Friday, October 7, 2011

Riverdale council and candidates grapple over ambulance benefits

Why or Why does the little city of RIverdale have all the problems? What are your thoughts? 


RIVERDALE -- City council members in 2010 approved a policy that gives them and their families a deep discount on ambulance services provided by the fire department.

At an Aug. 25 meet-the-candidates night, council candidates were asked about their take on city officials and employees getting so-called free ambulance services.

Three candidates commented on the issue. One was Councilwoman Shelly Jenkins, who initiated discussion more than a year ago that eventually led to passage of the policy.

The city's personnel handbook says the city will bill the insurance provider for the ambulance transport of employees, elected officials, appointed officials and their household family members and accept resulting insurance reimbursements as payment in full.

In a June 7, 2010, voicemail to City Administrator Larry Hansen, Jenkins said she was "caught up in the middle of an insurance boondoggle with the ambulance service through Riverdale."

She said the ambulance transport of a family member "created a significant issue" for her in "the way that the deductibles were applied."

In a transcript of the voicemail, obtained by the Standard-Examiner through a GRAMA request, Jenkins said "insurance is not going to pay any (of the ambulance bill) and we're on the hook for the full amount."

She inquired whether the city could offer a discount.

Fire Chief Doug Illum said he prepared the ambulance service policy after researching a similar policy in Roy. Roy Fire Chief Jon Ritchie wasn't available for comment Thursday.

On Aug. 3, 2010, Jenkins abstained from voting on the policy, three council members voted in favor, and Councilman Alan Arnold voted against it.

The three who voted in favor can ask to put the reconsideration on a future agenda.

"I would still vote for the policy, but I would not have allowed it to pass to allow retroactive use of that policy, " Councilman David Gibby said recently.

Although the policy was officially implemented Aug. 3, 2010, a May 16, 2010, ambulance transport of Jenkins' family member was written off using the policy.

Hansen said the policy covered all billings then on the city books. Because the May 16, 2010, transport bill was still unpaid when the policy took effect, it was written off Sept. 1, 2010.

The city had billed the transport to Jenkins' Blue Cross insurance on June 14, 2010. Blue Cross did not cover the bill because it was part of Jenkins' out-of-pocket deductible. After a $15 adjustment based on a contractual agreement with the insurance company, the amount owing was reduced to $1,086.60.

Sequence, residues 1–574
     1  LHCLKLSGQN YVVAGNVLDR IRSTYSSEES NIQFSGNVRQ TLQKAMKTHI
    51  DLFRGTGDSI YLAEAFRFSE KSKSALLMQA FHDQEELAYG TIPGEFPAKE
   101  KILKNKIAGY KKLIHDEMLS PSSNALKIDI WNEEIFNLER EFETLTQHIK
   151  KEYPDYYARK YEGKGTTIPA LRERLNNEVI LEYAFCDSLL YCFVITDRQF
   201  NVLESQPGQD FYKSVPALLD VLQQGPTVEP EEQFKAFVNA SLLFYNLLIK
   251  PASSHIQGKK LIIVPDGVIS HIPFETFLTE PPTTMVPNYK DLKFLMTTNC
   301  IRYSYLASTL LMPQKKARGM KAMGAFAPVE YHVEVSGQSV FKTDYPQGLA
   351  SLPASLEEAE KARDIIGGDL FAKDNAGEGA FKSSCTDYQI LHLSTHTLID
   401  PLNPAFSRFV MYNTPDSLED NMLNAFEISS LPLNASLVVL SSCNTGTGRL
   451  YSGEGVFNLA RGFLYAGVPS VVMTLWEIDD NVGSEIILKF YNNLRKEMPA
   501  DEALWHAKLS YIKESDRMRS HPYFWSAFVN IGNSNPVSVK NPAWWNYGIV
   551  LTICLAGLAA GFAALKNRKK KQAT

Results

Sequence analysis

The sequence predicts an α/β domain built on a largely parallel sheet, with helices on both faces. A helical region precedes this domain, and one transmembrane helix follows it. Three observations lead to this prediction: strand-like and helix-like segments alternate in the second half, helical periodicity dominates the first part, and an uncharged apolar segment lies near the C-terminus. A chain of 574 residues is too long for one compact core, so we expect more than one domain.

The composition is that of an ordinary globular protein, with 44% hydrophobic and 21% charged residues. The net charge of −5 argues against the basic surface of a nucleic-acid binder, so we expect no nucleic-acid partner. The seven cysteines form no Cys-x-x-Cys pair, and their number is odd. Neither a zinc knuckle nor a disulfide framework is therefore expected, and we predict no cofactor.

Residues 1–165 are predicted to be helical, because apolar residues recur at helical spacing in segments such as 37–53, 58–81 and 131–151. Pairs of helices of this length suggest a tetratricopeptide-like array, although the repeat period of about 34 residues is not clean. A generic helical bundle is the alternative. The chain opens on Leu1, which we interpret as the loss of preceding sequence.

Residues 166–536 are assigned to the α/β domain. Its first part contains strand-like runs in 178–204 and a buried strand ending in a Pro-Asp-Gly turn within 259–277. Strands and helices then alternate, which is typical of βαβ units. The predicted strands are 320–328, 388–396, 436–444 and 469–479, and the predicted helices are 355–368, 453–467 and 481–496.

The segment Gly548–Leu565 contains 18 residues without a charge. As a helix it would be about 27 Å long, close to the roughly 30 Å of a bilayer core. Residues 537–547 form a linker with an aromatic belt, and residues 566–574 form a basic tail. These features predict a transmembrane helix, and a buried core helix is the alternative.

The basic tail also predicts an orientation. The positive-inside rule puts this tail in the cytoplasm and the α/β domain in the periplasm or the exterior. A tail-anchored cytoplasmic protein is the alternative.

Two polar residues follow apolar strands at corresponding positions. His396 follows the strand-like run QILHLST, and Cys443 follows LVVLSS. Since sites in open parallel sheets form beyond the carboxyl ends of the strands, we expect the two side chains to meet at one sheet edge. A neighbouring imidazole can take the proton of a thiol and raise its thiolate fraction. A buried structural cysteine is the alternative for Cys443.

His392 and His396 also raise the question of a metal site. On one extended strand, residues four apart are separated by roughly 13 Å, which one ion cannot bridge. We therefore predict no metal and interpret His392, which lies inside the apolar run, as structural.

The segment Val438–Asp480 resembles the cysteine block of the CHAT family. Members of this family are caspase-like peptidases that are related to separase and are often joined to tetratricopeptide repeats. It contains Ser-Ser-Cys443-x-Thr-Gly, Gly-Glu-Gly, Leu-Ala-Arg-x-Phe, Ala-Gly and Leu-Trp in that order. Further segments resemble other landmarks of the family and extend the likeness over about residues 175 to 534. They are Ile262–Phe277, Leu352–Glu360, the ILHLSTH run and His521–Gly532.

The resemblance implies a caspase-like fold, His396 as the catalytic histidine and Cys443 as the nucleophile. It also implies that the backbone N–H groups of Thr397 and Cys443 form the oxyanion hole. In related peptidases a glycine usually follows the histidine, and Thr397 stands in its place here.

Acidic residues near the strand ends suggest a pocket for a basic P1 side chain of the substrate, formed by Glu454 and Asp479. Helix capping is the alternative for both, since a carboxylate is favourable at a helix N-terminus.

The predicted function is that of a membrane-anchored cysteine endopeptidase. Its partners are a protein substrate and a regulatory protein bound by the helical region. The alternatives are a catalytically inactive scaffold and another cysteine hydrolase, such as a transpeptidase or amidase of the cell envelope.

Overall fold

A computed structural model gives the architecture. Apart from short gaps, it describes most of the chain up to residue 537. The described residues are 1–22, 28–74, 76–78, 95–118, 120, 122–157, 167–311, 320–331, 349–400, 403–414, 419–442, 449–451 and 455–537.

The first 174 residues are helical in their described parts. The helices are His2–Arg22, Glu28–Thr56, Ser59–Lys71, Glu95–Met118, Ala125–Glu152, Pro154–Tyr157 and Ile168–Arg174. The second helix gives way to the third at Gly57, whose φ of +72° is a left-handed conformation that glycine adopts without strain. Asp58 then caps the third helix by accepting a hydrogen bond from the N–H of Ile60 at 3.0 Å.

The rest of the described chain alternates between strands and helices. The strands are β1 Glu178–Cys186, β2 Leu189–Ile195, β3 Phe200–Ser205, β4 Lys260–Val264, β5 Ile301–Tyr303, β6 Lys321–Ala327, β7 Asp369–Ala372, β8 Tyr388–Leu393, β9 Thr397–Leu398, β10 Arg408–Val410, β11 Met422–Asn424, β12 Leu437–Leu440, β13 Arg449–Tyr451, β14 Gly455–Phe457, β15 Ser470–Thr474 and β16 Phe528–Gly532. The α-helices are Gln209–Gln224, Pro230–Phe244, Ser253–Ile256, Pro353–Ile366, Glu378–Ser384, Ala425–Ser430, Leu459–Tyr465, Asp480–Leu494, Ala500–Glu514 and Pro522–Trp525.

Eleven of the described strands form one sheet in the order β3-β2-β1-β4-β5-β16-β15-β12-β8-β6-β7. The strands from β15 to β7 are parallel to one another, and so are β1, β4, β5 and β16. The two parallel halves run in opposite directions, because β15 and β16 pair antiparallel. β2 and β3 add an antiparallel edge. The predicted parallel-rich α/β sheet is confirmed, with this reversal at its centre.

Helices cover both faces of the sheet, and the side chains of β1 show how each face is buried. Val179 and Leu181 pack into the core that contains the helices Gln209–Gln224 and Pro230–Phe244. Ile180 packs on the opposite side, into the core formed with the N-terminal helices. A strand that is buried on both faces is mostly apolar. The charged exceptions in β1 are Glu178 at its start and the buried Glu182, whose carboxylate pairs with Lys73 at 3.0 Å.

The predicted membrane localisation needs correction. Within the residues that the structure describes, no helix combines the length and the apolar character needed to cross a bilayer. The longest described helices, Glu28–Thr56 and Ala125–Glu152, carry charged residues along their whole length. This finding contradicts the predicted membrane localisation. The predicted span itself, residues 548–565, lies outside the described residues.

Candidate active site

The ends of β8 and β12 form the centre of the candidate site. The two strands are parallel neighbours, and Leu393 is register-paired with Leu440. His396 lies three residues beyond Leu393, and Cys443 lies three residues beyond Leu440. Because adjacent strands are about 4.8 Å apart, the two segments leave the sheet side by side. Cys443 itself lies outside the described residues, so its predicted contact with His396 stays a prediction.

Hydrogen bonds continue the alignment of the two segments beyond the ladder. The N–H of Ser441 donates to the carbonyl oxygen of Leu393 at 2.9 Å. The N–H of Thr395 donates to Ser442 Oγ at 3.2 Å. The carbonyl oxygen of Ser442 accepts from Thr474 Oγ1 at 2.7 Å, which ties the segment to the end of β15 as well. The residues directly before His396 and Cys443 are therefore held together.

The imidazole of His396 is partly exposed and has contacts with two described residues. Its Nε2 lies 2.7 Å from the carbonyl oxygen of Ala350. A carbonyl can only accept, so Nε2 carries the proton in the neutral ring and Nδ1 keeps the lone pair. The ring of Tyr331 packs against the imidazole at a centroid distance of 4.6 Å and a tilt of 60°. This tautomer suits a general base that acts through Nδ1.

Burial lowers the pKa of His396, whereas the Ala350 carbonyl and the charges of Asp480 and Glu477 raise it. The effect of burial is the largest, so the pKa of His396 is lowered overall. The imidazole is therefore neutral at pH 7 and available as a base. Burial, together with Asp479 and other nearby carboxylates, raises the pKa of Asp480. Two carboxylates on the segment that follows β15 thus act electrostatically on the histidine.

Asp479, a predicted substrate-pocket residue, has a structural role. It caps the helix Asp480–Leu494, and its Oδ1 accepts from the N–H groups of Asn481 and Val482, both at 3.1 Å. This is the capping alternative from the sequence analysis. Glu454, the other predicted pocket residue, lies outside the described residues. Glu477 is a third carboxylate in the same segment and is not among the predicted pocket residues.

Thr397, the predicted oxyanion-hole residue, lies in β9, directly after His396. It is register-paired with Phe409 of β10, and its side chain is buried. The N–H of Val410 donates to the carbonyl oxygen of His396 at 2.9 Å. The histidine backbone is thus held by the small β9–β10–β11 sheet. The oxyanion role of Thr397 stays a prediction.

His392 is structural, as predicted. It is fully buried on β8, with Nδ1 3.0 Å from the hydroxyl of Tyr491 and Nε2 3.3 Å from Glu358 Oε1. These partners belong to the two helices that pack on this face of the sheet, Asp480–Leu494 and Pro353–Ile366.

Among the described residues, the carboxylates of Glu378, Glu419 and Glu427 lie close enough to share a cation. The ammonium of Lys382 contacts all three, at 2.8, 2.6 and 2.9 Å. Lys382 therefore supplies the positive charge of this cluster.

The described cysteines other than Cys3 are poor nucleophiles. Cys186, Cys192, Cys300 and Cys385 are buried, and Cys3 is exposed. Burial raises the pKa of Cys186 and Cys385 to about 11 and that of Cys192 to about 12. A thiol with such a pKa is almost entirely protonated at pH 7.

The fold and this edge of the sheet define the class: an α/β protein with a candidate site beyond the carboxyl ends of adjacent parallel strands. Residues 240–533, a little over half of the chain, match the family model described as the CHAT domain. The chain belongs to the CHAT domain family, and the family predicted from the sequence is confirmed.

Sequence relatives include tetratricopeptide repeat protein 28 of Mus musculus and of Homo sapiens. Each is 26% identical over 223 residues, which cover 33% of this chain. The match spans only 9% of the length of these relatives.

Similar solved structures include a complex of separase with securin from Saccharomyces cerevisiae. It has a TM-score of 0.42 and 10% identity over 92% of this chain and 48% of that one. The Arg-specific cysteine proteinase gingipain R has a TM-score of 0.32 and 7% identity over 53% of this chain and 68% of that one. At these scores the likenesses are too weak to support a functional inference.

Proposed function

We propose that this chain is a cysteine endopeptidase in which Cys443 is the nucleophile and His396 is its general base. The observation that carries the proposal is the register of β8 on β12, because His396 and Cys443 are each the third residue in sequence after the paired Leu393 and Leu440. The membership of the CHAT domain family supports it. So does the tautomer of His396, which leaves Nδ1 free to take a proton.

The policy was not used to write off ambulance transport for other employees' family members.

For example, an employee's mother was transported via ambulance both Sept. 17, 2010, and Aug. 2, 2011. Because the patient was not a household member of the employee, payment will be collected without using a policy write-off.

Similarly, a Jan. 30, 2011, transport of an employee's grandson will be collected without a policy write-off.

In each of these three ambulance transports, Medicare/Medicaid was billed.

The city bills differently for employees who need work-related ambulance transports. For both a March 25, 2010, and an Oct. 14, 2010, work-related transport of an employee, the city's human resource director advised the city not to bill insurance, Hansen said.

"If we bill insurance for work-related employee transports, it works against us claim-wise," Hansen said.

No workers' compensation claims were submitted for the two transports, he said.

"It is something I consider an entitlement," Arnold said recently. "It's an entitlement for elected and appointed officials and employees that should not exist. It's an easy no-brainer that it should go away. I want to vote for people that don't vote for entitlements."

Councilman Don Hunt referred to the policy as a "perk" or "discount," but said it would be a misrepresentation to call it free.

Councilman Norm Searle said, "When I look at it in hindsight, elected officials shouldn't be in (the policy). They are voting themselves benefits. If it's a burden on them, they can request the fee be waived. Any resident's fee can be waived."

Both Searle and Hunt said they hope the council will look at the policy in the future.

Ogden and Layton do not have policies allowing ambulance benefits for employees or elected/appointed officials.


No comments: